There are 3,000 species of bromeliads in the world, and many if not all consider him king. At over 30 feet tall, Puya raimondi is the largest Bromeliad in the world, with one of the largest flower stems of any plant on earth! Its massive stem can be over 25 feet long and contain thousands of flowers.
This is an endangered species that is kept alive only in a few places outside of its native Andes range.
- Puya raimondi is a terrestrial bromeliad from the mountains of Peru and Bolivia. This relative of the pineapple grows to about 8 or 9 feet wide, with a rosette of thin leaves that are lined with sharp spines.
- The plant has flourished at just 24 years old in cultivation, while the average has been 28 years, which is about half the time they have been in the wild.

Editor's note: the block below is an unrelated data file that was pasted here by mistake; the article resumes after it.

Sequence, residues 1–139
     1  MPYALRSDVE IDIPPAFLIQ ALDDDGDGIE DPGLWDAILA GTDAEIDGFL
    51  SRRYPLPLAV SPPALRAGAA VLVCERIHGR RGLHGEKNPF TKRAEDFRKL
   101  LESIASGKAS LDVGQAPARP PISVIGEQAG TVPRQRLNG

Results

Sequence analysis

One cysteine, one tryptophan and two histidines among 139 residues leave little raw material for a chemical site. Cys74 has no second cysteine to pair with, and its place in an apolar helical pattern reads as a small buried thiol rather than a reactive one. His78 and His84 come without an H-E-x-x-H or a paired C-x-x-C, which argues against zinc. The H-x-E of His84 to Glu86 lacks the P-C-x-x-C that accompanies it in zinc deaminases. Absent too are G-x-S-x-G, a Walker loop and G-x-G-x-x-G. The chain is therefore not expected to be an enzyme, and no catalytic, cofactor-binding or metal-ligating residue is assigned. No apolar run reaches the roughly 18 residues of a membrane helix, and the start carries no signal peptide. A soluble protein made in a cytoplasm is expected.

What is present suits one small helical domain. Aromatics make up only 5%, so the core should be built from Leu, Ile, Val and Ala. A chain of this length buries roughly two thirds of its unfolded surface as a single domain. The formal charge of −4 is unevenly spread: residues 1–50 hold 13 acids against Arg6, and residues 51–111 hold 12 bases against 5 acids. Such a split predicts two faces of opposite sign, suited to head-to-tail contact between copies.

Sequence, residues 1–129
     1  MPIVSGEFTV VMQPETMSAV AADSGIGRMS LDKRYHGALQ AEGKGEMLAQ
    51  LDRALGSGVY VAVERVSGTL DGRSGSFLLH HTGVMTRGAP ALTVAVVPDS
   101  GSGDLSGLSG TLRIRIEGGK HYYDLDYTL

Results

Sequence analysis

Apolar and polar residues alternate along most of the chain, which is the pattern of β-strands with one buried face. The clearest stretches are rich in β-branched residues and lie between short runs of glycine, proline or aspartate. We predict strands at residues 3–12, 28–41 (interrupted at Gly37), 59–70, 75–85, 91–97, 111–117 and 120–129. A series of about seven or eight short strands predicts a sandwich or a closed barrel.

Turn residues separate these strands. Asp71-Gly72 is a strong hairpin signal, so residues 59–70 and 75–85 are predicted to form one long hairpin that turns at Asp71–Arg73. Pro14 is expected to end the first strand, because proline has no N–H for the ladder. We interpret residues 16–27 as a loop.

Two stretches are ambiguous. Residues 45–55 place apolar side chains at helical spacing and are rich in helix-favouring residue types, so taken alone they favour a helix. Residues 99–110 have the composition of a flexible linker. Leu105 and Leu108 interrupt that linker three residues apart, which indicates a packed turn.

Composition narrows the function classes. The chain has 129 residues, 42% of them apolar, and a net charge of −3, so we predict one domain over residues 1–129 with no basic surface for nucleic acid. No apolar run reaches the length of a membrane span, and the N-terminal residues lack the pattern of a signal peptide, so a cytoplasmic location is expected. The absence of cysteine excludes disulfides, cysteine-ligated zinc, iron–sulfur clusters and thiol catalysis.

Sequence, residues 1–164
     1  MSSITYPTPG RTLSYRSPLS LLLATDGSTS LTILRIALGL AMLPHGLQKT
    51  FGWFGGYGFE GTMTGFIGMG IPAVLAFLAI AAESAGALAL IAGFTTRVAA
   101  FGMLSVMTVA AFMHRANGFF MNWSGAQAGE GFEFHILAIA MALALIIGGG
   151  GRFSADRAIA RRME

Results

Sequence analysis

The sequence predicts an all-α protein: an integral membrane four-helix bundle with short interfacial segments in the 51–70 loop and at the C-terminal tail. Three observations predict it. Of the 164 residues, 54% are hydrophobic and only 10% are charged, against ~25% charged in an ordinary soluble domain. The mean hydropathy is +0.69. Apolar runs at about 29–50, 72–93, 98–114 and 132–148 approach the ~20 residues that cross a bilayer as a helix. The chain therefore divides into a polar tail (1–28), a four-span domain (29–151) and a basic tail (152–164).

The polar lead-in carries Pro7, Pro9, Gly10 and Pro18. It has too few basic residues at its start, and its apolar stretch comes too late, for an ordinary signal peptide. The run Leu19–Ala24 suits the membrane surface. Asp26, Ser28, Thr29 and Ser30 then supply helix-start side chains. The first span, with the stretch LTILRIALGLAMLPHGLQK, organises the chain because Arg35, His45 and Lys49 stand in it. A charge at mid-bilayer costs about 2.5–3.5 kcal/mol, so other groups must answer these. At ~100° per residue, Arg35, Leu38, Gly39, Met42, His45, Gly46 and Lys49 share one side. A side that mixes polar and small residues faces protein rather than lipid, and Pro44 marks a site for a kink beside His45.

- Each creamy white flower is approximately 2 inches wide, with bright orange anthers. Here in California they attract several birds, including hummingbirds.
- Like most bromeliads, the plant dies after flowering. Unlike most bromeliads, it does not reproduce by puppies, only by seeds.
Some other species of Puya de los Andes have been successfully bred in warmer areas like Florida. But this one comes from higher elevations than those, so consider it experimental in hot climates, especially if the nights are warm.
It is believed to be frost tolerant down to about 20 degrees F (-6 ° C), but will likely flower sooner if protected from heavy frost. In full sun it is better. Grow it in fast-draining soil, like cactus mix. Despite coming from an arid climate, it can tolerate frequent watering if the soil is drained quickly. Under the right conditions, it is an easy, low-maintenance plant.
Images of the Puya de Raymondi
Coming soon 😉
More exotic flowers.